Report: Papers Found in Ditch Detail Britain's Response to Terror Attacks

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A document outlining the British military's response to a terrorist attack was found in a roadside ditch, the Ministry of Defense said Thursday.

A ministry spokesman said the document had been in a backpack stolen earlier this year.

"We can confirm that a rucksack belong to a serving officer was stolen from a locked car in May," the spokesman said on condition of anonymity as a civil servant. "This rucksack contained a 'restricted' document."

The 46-page dossier was handed to The Sun, Britain's largest-selling daily newspaper. The file was discovered in the discarded gym bag after it had been stolen from the car of a staff officer with the Defense Ministry's counter-terrorist wing while he was shopping, the newspaper reported Thursday.

According to The Sun, the document contained information about how special forces and bomb disposal experts would be deployed in the event of a terrorist strike, and how many helicopters are available to be scrambled.

The report said phone numbers of senior military figures — including the defense secretary, chief of defense staff and director of special forces — were in the document.

"This particular document contained reference material only and no secret information. Whilst the loss of any classified document is treated seriously, the accusation that the loss is a threat to national security is wildly exaggerated," the ministry spokesman said.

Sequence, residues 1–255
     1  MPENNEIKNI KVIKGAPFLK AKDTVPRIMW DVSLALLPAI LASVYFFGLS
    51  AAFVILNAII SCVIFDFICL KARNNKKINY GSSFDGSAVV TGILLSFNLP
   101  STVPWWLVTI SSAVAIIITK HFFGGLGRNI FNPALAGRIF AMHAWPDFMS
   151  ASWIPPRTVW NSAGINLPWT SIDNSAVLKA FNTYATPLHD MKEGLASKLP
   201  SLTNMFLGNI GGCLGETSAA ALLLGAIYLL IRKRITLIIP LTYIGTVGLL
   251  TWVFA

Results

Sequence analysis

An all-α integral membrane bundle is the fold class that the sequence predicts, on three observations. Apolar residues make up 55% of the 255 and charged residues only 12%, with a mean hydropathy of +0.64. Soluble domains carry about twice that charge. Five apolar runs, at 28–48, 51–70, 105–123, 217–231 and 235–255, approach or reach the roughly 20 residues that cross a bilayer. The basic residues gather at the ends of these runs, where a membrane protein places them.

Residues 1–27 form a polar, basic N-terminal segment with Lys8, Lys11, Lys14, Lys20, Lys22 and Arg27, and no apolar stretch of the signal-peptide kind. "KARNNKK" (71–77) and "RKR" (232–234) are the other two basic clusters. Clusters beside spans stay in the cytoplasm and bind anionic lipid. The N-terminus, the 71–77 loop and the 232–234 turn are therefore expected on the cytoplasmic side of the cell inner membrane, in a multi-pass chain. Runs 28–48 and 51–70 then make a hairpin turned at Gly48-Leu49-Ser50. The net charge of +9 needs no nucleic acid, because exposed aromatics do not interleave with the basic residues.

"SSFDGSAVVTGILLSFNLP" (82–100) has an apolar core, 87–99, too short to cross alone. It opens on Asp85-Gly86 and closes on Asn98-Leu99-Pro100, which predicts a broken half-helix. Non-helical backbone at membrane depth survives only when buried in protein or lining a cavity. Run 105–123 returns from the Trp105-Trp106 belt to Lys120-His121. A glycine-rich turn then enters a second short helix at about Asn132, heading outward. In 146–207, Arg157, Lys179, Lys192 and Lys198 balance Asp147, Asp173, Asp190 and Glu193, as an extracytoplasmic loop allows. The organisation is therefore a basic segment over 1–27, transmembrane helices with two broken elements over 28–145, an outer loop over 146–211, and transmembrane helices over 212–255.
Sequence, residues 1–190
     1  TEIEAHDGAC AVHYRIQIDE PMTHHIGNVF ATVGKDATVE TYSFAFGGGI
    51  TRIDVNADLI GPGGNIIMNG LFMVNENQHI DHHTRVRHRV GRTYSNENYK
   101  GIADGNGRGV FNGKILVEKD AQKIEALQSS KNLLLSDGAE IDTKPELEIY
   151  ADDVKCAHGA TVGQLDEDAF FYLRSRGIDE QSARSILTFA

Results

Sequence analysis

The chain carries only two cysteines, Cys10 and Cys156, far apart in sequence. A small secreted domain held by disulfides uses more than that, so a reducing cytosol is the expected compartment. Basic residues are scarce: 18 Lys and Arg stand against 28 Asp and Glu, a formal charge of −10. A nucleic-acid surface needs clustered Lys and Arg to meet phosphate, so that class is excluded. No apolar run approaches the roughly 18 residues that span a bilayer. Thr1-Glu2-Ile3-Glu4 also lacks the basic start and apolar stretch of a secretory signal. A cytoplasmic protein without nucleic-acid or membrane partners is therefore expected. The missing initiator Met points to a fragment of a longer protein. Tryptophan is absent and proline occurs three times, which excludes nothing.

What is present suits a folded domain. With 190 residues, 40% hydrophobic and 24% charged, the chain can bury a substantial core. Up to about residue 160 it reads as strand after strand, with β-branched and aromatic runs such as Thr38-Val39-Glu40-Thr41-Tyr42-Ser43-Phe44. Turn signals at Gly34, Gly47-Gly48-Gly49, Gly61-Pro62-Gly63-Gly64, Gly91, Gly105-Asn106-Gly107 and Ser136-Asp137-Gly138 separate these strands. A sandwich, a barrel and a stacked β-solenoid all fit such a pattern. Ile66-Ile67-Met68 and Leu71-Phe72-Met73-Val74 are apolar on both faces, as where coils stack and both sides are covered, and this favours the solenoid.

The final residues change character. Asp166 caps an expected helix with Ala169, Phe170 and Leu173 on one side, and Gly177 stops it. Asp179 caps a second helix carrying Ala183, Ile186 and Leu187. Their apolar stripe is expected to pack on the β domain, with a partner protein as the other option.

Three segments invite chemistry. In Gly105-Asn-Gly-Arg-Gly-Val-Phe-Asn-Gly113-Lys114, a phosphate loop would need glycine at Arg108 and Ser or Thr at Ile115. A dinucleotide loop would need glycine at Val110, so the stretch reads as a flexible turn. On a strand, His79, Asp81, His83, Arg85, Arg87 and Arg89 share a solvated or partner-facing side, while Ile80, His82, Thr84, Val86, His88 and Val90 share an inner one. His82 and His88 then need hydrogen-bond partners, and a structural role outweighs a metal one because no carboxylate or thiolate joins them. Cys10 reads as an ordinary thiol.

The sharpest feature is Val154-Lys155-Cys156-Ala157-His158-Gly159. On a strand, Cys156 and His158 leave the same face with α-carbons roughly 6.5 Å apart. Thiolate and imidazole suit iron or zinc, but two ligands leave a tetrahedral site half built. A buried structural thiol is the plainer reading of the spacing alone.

Two years ago, documents detailing Heathrow Airport counterterrorism plans were found by a motorist. They reportedly showed 62 sites at the airport which were the most likely places to launch anti-aircraft missile strikes.

In May 2004, secret details of the new identity given to Maxine Carr, the girlfriend of a notorious child killer, were stolen from an official's car while she was visiting a pub.

In June 2002 an 11-page dossier belonging to then Home Secretary David Blunkett, marked 'confidential' and including instructions for his home alarm system and daily routines as well as aerial photographs of his house, were discovered in a street.

During the buildup to the first Gulf War in 1990, a laptop containing details of war plans was stolen from the car of a Royal Air Force officer.

Wing Commander David Farquhar was found guilty of negligence by a court martial and stripped of five years' seniority.

In 2002, a crackdown was ordered to tighten laptop security after it was disclosed that 1,933 Government computers had been lost or stolen.